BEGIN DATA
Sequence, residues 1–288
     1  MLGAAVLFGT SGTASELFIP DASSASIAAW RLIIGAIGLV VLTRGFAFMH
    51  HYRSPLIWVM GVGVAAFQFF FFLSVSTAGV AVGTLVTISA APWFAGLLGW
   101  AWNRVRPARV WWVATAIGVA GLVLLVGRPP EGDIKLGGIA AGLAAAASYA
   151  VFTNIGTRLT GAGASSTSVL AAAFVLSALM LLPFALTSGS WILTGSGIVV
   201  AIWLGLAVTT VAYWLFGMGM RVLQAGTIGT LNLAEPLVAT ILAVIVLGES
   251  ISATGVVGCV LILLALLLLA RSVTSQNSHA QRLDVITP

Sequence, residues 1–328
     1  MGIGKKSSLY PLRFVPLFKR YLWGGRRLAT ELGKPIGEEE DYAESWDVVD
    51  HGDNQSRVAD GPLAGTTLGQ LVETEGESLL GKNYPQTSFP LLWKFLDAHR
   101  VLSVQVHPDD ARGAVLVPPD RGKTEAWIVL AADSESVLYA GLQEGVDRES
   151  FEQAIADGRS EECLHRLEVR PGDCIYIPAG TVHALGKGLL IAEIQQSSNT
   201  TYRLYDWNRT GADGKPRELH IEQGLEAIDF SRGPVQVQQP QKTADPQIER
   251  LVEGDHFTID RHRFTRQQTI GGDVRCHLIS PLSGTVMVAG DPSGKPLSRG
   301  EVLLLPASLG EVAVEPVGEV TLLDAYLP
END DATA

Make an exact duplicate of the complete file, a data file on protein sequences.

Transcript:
Sequence, residues 1–288
     1  MLGAAVLFGT SGTASELFIP DASSASIAAW RLIIGAIGLV VLTRGFAFMH
    51  HYRSPLIWVM GVGVAAFQFF FFLSVSTAGV AVGTLVTISA APWFAGLLGW
   101  AWNRVRPARV WWVATAIGVA GLVLLVGRPP EGDIKLGGIA AGLAAAASYA
   151  VFTNIGTRLT GAGASSTSVL AAAFVLSALM LLPFALTSGS WILTGSGIVV
   201  AIWLGLAVTT VAYWLFGMGM RVLQAGTIGT LNLAEPLVAT ILAVIVLGES
   251  ISATGVVGCV LILLALLLLA RSVTSQNSHA QRLDVITP

Sequence, residues 1–328
     1  MGIGKKSSLY PLRFVPLFKR YLWGGRRLAT ELGKPIGEEE DYAESWDVVD
    51  HGDNQSRVAD GPLAGTTLGQ LVETEGESLL GKNYPQTSFP LLWKFLDAHR
   101  VLSVQVHPDD ARGAVLVPPD RGKTEAWIVL AADSESVLYA GLQEGVDRES
   151  FEQAIADGRS EECLHRLEVR PGDCIYIPAG TVHALGKGLL IAEIQQSSNT
   201  TYRLYDWNRT GADGKPRELH IEQGLEAIDF SRGPVQVQQP QKTADPQIER
   251  LVEGDHFTID RHRFTRQQTI GGDVRCHLIS PLSGTVMVAG DPSGKPLSRG
   301  EVLLLPASLG EVAVEPVGEV TLLDAYLP